Taking It All In

“Taking in Christmas“ Luke 2:1-20
Delivered to Church for the Highlands
Christmas Eve, 2021

Audio is here

How well do you know the Christmas story? In a survey of 1,000 adults who were asked, “How much of the Christmas story found in the Bible could you tell from memory?”, only 22% indicated they could do so.1 That’s a pretty low number and shows that we may just not know the story very well these days. Maybe the place to start in getting it right is by paying attention to the various characters in it. We’ve just heard about them and one thing common to them all is how they took in what they heard and saw as Jesus was born.

Joseph took it all in and must have still been in shock after hearing that Mary was with child, especially one that would be the savior of the world. I’m sure he had a hard time doing his carpentry work with all of that on his mind and in his heart. And when the day came for Jesus to be born, Joseph would see, hear, and feel the reality of what he had been hearing about their child.

When we read that Mary “treasured all these things and pondered them in her heart,” we understand that she felt deep within her the promise of those words from Isaiah we heard earlier of how the people who have walked in darkness have seen a great light; that unto them a child has been born who would be everything Isaiah prophesied: “Wonderful Counselor, Mighty God, Everlasting Father, Prince of Peace.” Mary took all of this in and felt the joy of what she had borne from God.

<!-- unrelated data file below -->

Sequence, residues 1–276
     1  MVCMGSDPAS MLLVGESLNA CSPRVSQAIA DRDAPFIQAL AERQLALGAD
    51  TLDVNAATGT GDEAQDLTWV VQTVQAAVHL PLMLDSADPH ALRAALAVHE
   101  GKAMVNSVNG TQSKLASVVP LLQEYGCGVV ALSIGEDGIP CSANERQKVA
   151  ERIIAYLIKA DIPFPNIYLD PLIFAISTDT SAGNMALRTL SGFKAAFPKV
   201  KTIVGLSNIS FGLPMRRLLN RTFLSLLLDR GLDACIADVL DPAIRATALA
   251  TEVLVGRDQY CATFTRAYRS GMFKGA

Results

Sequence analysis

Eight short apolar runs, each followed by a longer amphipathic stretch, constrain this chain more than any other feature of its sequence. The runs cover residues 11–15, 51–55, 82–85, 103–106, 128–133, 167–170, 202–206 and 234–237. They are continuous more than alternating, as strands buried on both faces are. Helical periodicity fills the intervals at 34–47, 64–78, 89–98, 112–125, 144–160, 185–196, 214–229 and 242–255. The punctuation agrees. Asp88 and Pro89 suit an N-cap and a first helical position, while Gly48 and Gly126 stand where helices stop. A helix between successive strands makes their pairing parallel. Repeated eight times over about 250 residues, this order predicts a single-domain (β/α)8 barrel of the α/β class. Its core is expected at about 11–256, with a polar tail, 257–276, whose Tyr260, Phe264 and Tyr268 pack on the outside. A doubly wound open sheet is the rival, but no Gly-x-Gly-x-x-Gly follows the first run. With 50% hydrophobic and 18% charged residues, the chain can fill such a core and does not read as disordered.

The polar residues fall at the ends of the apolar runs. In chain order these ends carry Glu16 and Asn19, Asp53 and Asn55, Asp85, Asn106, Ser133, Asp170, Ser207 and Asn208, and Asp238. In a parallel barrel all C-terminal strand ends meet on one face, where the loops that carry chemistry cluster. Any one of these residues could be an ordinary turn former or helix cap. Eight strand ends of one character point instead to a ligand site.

The Shepherds also took in what they heard and saw that night. We can be quite sure they never forgot what it was like to see that bright heavenly light shining in the darkness. What they heard from an angel would ring in their ears for the rest of their lives as they heard for themselves what God had to say about the child born in Bethlehem, “I am bringing you good news of great joy for all the people: to you is born this day in the city of David a Savior, who is the Messiah, the Lord.” They took in those words by going to see Jesus, and they were full of joy.

We really aren’t much different than the people there that day. We live in a time of uncertainty, experience fear in our fragility, exist in a world with oppression, violence, poverty, disease, all of which remind us of our dependence on being rescued and saved from it all. So, today, this Christmas season, we have the opportunity, like Joseph, Mary, and the shepherds, to take in what we have hear and see from God about Jesus.

To take something in requires that we have room for it; that we recognize what is missing in our lives and what it is that can fill us. I wonder this Christmas Eve, do we really have room for Jesus? I mean, do we really sense our need for him in our lives full of things, technology, and self-sufficiency?